Over 9,000 objects are in the extensive Van Diepen collection. In that, the proportion of the so-called snuff bottles is relatively limited, but there are about 160. But it is important to know what the background of these colorful bottles coming from China is.
What are snuff bottles?
In the 17th century, tobacco sniffing came into fashion with rich Chinese, introduced from Europe. Smoking tobacco was then forbidden, but finely ground tobacco was allowed. It was applied as a medication, it would help with colds, headaches, stomach problems and many other diseases.
The use first focused around the Beijing Imperial Court, but gradually spread over the elite of China. The beginning of the Quing Dynasty in 1644 was the start of a very productive period for the studios in which the snuff bottles were made.
How was the snuff bottle used?
The finely ground tobacco was stored in a small snuff bottle, sealed with a stopper. There was an ivory spoon with which the “snuff” was picked up and then sneaked up. The snuffles were made of all possible materials, such as glass, porcelain, jade, ivory, coral, rock crystal, silver, copper and lacquer. The popularity of the tobacco sniff grew explosively and a large production of the often well-executed bottles was created. The workshops aimed for ever more beautiful and costly designs and the snuff bottle became a collective object.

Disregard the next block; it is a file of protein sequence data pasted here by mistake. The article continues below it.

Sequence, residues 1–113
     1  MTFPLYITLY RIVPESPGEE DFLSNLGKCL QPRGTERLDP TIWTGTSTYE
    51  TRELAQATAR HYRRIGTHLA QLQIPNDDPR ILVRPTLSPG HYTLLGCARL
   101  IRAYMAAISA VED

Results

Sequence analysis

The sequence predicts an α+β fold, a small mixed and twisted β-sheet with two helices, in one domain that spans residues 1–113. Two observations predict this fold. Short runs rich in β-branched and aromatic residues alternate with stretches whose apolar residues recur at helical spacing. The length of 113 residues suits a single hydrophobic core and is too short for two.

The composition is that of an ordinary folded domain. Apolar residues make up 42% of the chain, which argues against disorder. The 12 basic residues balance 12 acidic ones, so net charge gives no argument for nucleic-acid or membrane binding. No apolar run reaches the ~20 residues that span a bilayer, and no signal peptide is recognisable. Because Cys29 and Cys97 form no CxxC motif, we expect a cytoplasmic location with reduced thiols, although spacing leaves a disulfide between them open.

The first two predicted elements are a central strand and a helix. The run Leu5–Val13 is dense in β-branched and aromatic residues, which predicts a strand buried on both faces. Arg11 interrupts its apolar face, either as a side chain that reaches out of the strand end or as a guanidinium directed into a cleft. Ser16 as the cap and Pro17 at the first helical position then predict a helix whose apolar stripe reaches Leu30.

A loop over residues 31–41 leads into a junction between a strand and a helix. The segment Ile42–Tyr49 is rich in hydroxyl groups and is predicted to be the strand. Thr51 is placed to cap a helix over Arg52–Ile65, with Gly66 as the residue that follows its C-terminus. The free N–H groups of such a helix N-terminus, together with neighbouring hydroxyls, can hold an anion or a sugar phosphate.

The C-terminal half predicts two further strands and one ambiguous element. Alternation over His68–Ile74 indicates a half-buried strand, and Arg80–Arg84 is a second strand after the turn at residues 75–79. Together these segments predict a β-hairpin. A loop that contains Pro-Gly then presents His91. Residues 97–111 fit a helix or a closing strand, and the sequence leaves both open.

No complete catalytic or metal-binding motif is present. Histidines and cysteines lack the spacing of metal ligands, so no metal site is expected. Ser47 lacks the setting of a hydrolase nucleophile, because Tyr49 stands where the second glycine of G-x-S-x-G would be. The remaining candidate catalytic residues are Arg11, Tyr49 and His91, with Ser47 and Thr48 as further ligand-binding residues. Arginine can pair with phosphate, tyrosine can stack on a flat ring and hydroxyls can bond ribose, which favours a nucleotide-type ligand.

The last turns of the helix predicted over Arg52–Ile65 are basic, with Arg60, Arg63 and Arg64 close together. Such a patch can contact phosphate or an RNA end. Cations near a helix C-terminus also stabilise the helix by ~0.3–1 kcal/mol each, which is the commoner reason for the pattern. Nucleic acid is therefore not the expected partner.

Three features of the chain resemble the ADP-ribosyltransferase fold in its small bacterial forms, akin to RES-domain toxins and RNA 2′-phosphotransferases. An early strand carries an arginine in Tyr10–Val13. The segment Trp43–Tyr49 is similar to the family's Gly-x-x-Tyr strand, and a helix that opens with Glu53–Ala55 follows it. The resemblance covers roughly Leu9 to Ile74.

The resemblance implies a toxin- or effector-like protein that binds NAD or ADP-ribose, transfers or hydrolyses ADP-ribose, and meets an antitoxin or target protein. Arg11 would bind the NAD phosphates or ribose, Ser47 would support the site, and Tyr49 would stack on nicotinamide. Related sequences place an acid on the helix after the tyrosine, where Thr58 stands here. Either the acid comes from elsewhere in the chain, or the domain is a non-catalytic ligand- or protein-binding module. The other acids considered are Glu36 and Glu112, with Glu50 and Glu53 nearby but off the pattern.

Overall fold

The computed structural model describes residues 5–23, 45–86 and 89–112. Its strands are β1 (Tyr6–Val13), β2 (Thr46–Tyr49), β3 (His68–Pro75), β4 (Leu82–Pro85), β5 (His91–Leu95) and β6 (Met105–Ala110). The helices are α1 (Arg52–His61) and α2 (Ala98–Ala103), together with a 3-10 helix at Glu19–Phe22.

Jan Menze van Diepen (1905-1994) only started collecting snuff bottles at the end of the sixties. However, his focus remained on Chinese and Japanese porcelain.
Because there was little known about the 160 snuff bottles in our collection, we contacted Mr. Robert Hall, a worldwide expert in this field. As a result, he came to Slochteren from London for 3 days to review and describe our bottles (and the other Chinese glass). That yielded a lot of knowledge and background information.
Conclusion by Mr. Hall was that our snuff bottles are largely old and authentic, but there are not so many “exciting ones” between them. However, this expert means global top issues. Fortunately, there is the necessary quality in this part of the collection, so we can show you some nice examples in the Fraeylemaborg in Slochteren.